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SCOTTISH WOMEN - Various Artistes Greentrax Recordings CDTRAX 261

Following in the footsteps of earlier Greentrax releases 'Scots Women' and 'Gaelic Women', this generously filled CD boasts some of the most distinctive and best loved female voices from the contemporary Scottish/Gaelic scene. The 'Scottish Women' tour was premiered at Celtic Connections in January 2002, followed by a Scottish Arts Council-backed Highland tour. And what a marvellous live recording this is, complete with the odd vocal flaw; it captures each performer's pleasure at singing for an appreciative audience. The song arrangements are brilliant, allowing each singer to come to the fore, their solo passages punctuated by satisfying, rousing choruses; sleeve notes are scarcely needed when you're listening to voices this distinctive. Instrumentation is used well (piano, accordion, pipes, whistles, fiddle and percussion feature), and the songs, from both Gaelic and Scots traditions, are well chosen. There's some lovely, knowing humour from the legendary Sheila Stewart with her words of caution for young girls, 'Maids When You're Young'. Ray Fisher recites her excellent 'Mother's Ruin' to the audience's obvious delight. There's some fine puirt a beul sung by Mairi MacInnes and Anna Murray, a lively set of work songs, and the superbly rousing 'Hey Donald', where lucky drummer Mike Travis appears to have been completely surrounded by all 15 Scottish Women! The highly individual vocal styles of the remaining chief protagonists are amply represented - Annie Grace, the Mackenzie sisters, Margaret Bennett, Ishbel MacAskill, Karine Polwart, Corrina Hewat, Maggie MacInnes, Sheena Wellington and Elspeth Cowie all excel here with beautifully chosen songs; laments, ballads, Burns' 'Slave's Lament' - and there's a nice balance between English and Gaelic language in the selections. I vividly recall the words of Sheila Stewart in a BBC Radio programme: "I sing the songs with a conyach, which means the emotion or feeling that you put into the ballads. Some songs, I don't hear myself singing them, but I hear my family singing them, and I connect to them as I sing." I wonder how many of these women experience that emotion too, as they sing? The last words on the sleeve notes say: "Let's do it again." I've no doubt that they will.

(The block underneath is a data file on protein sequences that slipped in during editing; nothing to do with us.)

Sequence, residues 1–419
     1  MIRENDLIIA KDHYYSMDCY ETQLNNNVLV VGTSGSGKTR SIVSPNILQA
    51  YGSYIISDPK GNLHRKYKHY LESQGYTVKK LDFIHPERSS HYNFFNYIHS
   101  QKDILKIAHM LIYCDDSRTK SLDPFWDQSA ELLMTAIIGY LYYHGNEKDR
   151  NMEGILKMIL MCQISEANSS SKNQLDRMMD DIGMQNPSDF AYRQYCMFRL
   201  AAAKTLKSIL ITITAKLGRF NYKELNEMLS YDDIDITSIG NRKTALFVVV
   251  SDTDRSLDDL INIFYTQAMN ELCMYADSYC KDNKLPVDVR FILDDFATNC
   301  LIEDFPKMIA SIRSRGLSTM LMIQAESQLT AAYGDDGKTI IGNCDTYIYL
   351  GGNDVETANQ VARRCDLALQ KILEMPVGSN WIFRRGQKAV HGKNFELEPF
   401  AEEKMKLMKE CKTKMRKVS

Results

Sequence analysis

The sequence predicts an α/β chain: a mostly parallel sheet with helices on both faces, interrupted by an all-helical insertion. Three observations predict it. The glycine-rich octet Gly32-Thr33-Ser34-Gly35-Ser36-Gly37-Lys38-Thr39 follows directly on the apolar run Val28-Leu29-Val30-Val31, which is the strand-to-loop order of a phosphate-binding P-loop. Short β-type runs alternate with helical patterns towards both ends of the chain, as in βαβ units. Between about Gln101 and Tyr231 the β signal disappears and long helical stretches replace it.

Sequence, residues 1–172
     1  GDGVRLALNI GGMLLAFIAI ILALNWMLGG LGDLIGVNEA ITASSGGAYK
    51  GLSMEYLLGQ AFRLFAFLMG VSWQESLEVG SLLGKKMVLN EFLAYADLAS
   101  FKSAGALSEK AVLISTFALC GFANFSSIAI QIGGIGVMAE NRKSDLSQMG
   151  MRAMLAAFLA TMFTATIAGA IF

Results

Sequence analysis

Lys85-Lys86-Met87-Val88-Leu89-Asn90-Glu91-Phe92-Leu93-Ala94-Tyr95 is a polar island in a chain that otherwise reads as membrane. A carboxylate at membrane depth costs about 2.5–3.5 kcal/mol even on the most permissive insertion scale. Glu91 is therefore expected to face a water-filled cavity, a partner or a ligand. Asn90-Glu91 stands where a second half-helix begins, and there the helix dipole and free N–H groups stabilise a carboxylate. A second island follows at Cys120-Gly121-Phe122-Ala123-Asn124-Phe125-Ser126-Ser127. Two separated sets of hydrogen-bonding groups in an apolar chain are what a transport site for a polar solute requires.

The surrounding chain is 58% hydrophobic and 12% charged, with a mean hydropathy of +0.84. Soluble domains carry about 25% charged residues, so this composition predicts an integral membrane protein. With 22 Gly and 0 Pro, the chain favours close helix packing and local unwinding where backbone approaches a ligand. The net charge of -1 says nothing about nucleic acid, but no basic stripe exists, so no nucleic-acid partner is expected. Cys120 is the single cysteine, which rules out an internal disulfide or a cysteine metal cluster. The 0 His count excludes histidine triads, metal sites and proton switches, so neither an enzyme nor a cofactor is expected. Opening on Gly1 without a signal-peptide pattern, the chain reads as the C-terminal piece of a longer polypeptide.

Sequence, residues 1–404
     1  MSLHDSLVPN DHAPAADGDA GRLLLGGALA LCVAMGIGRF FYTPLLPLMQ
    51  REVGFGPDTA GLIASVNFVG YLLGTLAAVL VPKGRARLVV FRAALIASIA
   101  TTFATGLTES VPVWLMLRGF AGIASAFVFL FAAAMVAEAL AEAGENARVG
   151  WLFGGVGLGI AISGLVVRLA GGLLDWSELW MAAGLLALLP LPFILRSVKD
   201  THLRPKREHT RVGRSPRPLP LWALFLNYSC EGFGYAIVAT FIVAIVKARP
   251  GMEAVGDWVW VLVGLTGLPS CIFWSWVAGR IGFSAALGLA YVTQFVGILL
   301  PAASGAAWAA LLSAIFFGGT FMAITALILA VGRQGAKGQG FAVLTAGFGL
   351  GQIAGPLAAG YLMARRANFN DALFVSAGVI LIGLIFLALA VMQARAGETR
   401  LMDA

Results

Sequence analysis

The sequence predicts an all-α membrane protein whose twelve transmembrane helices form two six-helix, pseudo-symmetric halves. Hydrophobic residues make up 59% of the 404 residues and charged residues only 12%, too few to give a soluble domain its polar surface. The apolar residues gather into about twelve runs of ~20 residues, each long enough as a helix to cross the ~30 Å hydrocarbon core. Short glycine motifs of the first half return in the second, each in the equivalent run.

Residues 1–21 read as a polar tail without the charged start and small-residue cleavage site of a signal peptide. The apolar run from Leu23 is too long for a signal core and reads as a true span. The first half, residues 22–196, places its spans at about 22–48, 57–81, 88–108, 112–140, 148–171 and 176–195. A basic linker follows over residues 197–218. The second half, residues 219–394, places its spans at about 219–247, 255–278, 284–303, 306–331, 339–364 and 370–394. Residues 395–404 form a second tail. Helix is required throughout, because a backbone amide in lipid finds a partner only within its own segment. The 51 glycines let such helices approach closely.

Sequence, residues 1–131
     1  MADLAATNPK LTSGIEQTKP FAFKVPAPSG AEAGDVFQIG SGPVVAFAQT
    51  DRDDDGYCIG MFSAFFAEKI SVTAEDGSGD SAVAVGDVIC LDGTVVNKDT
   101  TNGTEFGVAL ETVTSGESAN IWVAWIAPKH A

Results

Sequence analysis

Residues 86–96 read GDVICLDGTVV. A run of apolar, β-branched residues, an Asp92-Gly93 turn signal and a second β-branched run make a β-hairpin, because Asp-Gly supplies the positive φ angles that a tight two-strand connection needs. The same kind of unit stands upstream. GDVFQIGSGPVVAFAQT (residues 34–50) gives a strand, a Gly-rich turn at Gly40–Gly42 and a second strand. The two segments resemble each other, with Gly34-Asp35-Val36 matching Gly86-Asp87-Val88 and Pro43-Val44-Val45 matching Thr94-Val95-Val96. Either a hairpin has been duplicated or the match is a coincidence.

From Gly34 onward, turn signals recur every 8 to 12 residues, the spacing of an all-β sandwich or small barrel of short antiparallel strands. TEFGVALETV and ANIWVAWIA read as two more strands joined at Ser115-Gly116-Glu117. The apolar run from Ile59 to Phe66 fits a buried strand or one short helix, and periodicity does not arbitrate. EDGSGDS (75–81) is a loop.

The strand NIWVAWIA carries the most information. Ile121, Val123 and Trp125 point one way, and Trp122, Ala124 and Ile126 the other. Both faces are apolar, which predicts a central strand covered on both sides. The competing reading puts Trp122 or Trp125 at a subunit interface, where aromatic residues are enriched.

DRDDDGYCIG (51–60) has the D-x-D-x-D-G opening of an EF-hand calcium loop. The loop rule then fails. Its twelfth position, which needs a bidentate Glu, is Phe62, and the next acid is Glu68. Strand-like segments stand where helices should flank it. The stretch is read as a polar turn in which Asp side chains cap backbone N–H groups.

Debbie Koritsas

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This album was reviewed in Issue 59 of The Living Tradition magazine.